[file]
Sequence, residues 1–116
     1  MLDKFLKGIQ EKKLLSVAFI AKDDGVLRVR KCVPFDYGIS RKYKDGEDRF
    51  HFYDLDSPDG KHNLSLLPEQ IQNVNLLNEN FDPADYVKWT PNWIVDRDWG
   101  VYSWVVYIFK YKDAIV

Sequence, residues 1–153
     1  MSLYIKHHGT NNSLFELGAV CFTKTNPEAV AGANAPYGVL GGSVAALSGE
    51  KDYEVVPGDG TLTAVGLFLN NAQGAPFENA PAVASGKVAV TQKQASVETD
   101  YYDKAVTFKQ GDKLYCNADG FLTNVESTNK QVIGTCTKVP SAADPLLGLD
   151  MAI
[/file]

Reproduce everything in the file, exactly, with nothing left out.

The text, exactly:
Sequence, residues 1–116
     1  MLDKFLKGIQ EKKLLSVAFI AKDDGVLRVR KCVPFDYGIS RKYKDGEDRF
    51  HFYDLDSPDG KHNLSLLPEQ IQNVNLLNEN FDPADYVKWT PNWIVDRDWG
   101  VYSWVVYIFK YKDAIV

Sequence, residues 1–153
     1  MSLYIKHHGT NNSLFELGAV CFTKTNPEAV AGANAPYGVL GGSVAALSGE
    51  KDYEVVPGDG TLTAVGLFLN NAQGAPFENA PAVASGKVAV TQKQASVETD
   101  YYDKAVTFKQ GDKLYCNADG FLTNVESTNK QVIGTCTKVP SAADPLLGLD
   151  MAI